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Colorado farmers lose out to fracking companies at water auction

Amy Mall

Posted April 1, 2012 in Health and the Environment, Living Sustainably, Saving Wildlife and Wild Places

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There's a very important story in today's Denver Post. According to the Post: "At Colorado's premier auction for unallocated water this spring, companies that provide water for hydraulic fracturing at well sites were top bidders on supplies once claimed exclusively by farmers."

Colorado water expert Gary Wockner makes the point that this is doubly disconcerting because water first used for agriculture remains in the hydrological cycle and can recharge aquifers or feed streams. Water used for fracking, however, because it is contaminated, is generally withdrawn completely from the hydrological cycle.

Colorado is known for exceptional fresh produce, but family farmers are already having a tough enough time making ends meet. If they can't afford the water they need to grow food, and more of them go out of business, what will that mean for the availability of fresh local food?

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Comments

Les RogersApr 2 2012 10:36 AM

This type of drilling needs to be completely outlawed. Plain and simple. A highly toxic chemical mixture of compressed gasses like nitrogen, carbon dioxide, and sand containing radioactive minerals is used to force the extraction of petroleum and natural gases. This contaminates the aquifer permanently eliminating the ability to obtain drinkable water from the aquifers in that region. It also is not known how far the fissures that are created by the process go and how far and deep the contamination is.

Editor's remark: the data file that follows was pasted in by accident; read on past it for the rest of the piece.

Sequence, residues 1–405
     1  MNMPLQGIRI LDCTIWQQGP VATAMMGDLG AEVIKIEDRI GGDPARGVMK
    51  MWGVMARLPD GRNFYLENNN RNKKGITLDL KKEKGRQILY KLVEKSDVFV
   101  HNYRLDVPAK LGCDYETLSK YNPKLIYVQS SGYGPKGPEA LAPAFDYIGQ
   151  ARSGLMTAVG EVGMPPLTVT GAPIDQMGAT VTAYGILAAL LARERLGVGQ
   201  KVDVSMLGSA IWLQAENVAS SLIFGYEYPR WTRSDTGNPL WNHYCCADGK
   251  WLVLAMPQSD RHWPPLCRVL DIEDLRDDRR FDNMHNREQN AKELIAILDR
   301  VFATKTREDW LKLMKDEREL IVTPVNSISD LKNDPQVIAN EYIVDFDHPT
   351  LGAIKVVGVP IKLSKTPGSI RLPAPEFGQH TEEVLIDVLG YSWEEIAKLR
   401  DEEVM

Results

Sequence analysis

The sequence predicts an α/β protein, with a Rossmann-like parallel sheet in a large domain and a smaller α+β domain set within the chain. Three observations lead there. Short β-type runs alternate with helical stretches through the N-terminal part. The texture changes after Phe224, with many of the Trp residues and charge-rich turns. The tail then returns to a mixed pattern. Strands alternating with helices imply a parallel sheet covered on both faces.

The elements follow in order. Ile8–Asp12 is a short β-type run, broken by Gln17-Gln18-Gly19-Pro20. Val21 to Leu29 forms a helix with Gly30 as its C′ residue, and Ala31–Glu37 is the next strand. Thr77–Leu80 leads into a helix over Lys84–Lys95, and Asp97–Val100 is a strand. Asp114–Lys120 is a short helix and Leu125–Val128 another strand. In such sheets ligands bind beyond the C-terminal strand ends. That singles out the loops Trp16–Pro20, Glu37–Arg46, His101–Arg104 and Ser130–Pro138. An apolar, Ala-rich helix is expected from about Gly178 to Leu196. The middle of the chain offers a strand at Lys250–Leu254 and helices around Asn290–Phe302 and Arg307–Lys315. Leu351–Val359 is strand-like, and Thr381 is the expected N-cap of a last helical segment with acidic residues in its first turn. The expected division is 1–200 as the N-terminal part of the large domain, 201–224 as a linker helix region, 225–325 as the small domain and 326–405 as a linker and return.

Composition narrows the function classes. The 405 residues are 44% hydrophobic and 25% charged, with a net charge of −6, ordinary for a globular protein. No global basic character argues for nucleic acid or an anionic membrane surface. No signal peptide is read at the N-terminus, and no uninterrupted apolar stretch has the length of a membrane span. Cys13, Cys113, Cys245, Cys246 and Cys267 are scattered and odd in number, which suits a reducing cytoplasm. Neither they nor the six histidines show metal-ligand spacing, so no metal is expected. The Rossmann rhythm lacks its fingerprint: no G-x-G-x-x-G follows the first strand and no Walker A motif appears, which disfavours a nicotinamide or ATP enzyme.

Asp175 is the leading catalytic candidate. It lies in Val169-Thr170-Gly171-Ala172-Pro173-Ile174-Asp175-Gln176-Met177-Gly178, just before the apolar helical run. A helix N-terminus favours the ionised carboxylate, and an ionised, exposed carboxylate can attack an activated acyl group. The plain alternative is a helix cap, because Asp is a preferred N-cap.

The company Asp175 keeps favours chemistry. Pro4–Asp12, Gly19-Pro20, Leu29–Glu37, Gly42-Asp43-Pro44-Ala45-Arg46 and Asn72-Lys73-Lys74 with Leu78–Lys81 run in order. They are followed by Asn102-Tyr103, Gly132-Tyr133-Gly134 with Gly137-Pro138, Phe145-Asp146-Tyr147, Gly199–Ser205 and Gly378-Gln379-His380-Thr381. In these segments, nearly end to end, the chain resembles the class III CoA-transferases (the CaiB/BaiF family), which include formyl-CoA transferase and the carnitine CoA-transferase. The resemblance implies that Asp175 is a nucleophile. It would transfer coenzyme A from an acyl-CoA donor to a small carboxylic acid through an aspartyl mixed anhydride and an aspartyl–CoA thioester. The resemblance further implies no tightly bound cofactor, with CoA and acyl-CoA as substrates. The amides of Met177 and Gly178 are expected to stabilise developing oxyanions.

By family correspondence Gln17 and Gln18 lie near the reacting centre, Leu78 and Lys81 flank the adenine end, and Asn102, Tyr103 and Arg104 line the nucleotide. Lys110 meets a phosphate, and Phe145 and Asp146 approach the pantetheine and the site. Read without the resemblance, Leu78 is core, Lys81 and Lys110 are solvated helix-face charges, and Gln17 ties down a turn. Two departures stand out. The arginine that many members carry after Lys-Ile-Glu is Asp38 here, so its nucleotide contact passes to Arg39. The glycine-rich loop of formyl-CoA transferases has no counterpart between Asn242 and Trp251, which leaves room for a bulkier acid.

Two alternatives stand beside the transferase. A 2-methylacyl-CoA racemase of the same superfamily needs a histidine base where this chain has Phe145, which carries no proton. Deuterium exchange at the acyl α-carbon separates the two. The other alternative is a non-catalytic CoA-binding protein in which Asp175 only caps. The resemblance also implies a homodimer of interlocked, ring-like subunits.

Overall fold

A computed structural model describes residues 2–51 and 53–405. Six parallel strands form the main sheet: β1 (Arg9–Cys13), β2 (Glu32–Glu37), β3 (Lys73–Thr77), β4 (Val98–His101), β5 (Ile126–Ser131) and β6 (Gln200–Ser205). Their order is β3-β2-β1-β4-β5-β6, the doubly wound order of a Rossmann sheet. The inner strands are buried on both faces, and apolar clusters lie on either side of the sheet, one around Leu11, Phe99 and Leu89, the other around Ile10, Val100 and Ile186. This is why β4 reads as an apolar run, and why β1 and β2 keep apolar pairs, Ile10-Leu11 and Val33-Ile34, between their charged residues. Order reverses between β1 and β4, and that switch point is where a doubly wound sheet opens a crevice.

DENCOApr 2 2012 11:42 AM

CH4 + 2 O2 → CO2 + 2 H2O + energy
There is a net gain of water into the water cycle. H2O is a by produce of combustion of the oil and gas that is produced from these wells. Mansanto would be proud. As you know, water that goes back into the water cycle from agriculture is often very contaminated. Big agriculture is no friend to the environment. I am pretty sure the high dollar fresh produce crops can compete economically.

Gary WocknerApr 2 2012 12:12 PM

DENCO -- you are not correct. The vast majority of water used in drilling and fracking is poisoned beyond use and either left in the well hole, evaporated at the surface in open pits, or transferred to deep injection wells where it stays forever. Called "produced water' and "flowback," this water does not return to the hydrological cycle.

Amy MallApr 2 2012 01:15 PM

DENCO: NRDC agrees that the agricultural industry presents grave threats to our groundwater. We are working to clean up that industry also. For more information, check out my colleague Jonthan Kaplan's recent blog post on the topic:
http://switchboard.nrdc.org/blogs/jkaplan/gigatons_of_fertilizer_bypass.html

B CzarneckiApr 7 2012 08:44 AM

There are solutions to this issue of extended water use and chemical usage with fracking that does not seem to have surfaced.

Check out the process used by the company "Echosphere Technologies" (stock ticker ESPH). It is a chemical free process that processes 3,300 gallons per minute.

Reference: http://www.ecospheretech.com/?gclid=CNfvxP_goq8CFSQCQAodFBylaQ

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Switchboard is the staff blog of the Natural Resources Defense Council, the nation’s most effective environmental group. For more about our work, including in-depth policy documents, action alerts and ways you can contribute, visit NRDC.org.

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